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“NASA Is Facing a Climate Change Countdown”

Nearly 2/3 of the land that NASA manages is within 16 feet of mean sea level, according to a news article published in the New York Times today.  Because of this, and knowing the upward creeping sea levels around the world due to warmer waters and melting ice caps, they have been  working for ten years or more on how to deal with the rising water and its impacts on their infrastructure, including many of the launch pads at Kennedy Space Center in Florida and Johnson Space Center in Texas.

Beach erosion from waves caused by passing hurricanes has also put their facilities at more risk.  If the number of destructive storms increases, as some models project, that could become worse in the future.  Other facilities, like many military bases (particularly those of the Navy) are also at risk of inundation as sea levels continue to rise.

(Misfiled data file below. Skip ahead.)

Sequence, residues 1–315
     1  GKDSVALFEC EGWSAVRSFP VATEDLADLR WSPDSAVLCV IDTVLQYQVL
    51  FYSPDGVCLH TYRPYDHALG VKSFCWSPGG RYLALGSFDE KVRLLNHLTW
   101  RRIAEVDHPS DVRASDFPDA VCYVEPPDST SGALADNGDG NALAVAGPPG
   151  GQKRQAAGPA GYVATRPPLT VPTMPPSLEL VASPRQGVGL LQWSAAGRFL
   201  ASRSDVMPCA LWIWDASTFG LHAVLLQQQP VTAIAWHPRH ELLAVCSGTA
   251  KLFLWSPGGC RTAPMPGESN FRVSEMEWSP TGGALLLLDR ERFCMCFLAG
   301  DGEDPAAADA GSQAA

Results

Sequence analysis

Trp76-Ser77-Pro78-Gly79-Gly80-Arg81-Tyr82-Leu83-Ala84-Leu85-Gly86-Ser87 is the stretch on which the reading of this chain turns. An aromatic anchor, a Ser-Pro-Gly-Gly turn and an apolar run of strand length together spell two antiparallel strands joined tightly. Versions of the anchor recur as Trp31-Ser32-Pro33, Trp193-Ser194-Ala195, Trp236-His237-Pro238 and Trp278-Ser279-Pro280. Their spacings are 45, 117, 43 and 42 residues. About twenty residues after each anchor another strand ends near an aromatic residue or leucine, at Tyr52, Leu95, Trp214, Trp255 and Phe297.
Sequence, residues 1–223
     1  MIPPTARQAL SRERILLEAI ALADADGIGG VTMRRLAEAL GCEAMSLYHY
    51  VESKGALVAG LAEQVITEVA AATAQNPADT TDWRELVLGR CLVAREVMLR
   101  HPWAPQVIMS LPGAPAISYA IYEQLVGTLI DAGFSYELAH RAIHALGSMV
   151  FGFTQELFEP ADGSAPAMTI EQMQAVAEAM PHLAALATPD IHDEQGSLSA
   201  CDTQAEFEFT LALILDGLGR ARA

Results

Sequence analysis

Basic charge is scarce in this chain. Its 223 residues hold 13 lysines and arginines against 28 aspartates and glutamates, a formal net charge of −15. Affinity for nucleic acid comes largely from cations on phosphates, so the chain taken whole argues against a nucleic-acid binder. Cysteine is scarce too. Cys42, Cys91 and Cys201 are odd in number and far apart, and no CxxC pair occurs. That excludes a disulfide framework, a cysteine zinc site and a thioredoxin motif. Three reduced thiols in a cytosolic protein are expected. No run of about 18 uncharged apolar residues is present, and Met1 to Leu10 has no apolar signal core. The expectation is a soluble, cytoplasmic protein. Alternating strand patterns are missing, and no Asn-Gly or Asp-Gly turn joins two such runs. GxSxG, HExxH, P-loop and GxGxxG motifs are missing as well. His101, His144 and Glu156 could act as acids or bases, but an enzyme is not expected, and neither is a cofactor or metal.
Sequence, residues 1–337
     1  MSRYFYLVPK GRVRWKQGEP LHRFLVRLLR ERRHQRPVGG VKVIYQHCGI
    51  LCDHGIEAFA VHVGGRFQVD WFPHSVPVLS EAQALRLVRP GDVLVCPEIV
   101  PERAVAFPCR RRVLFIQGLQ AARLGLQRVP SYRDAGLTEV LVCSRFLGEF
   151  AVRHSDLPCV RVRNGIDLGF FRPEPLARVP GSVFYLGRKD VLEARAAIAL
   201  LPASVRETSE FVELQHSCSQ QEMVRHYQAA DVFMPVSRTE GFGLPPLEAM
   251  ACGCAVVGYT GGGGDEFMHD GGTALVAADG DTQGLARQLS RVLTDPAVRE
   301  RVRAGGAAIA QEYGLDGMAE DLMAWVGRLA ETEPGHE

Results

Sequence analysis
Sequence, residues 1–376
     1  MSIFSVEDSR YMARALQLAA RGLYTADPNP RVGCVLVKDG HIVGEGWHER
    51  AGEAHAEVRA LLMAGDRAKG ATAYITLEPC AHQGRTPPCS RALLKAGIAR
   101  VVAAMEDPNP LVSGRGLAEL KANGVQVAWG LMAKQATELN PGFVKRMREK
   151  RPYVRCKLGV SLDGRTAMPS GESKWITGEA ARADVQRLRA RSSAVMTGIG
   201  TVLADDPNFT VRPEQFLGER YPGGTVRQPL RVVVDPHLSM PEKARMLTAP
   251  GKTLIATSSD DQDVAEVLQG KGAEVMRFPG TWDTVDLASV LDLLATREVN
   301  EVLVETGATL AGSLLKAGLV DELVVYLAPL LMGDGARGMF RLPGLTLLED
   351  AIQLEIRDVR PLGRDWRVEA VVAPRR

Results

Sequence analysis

Farmers near the coasts are also expected to experience increased salt water intrusion and more frequent high tides which are expected to affect their ability to produce crops in those areas.

The refurbished Launch Complex 39B at Kennedy Space Center, which is on the ocean and surrounded by marshland, in 2013. Credit Kim Shiflett/NASA via The New York Times

The refurbished Launch Complex 39B at Kennedy Space Center, which is on the ocean and surrounded by marshland, in 2013. Credit Kim Shiflett/NASA via The New York Times